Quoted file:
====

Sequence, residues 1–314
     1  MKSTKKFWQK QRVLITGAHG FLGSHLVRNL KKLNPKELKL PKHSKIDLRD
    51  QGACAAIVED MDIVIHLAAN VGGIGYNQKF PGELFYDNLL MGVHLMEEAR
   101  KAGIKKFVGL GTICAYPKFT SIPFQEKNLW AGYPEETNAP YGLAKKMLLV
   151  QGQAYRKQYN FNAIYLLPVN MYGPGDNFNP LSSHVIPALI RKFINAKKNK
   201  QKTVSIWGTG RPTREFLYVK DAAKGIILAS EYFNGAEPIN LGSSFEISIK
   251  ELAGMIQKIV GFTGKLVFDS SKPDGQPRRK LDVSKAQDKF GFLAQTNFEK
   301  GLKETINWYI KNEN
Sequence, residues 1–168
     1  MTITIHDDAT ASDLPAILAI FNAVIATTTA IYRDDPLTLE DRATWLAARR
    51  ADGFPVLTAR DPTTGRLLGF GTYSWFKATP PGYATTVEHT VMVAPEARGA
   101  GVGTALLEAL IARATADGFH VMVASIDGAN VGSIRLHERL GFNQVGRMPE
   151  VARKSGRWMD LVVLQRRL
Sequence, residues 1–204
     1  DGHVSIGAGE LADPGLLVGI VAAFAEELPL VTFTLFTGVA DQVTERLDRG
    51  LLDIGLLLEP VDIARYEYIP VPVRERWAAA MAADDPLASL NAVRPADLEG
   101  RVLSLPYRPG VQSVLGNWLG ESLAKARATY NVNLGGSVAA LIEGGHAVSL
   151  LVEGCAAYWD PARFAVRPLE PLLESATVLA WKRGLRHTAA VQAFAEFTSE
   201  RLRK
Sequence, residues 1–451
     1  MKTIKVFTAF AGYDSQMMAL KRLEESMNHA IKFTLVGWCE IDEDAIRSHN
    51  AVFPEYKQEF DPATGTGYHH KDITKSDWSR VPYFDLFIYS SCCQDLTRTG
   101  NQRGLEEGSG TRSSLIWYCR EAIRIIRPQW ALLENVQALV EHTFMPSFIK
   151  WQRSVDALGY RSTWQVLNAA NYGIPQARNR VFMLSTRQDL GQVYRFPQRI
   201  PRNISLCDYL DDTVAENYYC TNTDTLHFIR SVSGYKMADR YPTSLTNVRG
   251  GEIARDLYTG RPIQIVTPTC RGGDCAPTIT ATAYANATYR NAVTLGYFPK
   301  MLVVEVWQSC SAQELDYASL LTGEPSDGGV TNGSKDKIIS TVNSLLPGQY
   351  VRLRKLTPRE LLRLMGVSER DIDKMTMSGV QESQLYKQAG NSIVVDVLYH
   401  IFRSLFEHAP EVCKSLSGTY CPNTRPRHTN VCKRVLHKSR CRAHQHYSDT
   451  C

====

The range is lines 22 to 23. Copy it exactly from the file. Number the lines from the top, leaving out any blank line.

    51  AVFPEYKQEF DPATGTGYHH KDITKSDWSR VPYFDLFIYS SCCQDLTRTG
   101  NQRGLEEGSG TRSSLIWYCR EAIRIIRPQW ALLENVQALV EHTFMPSFIK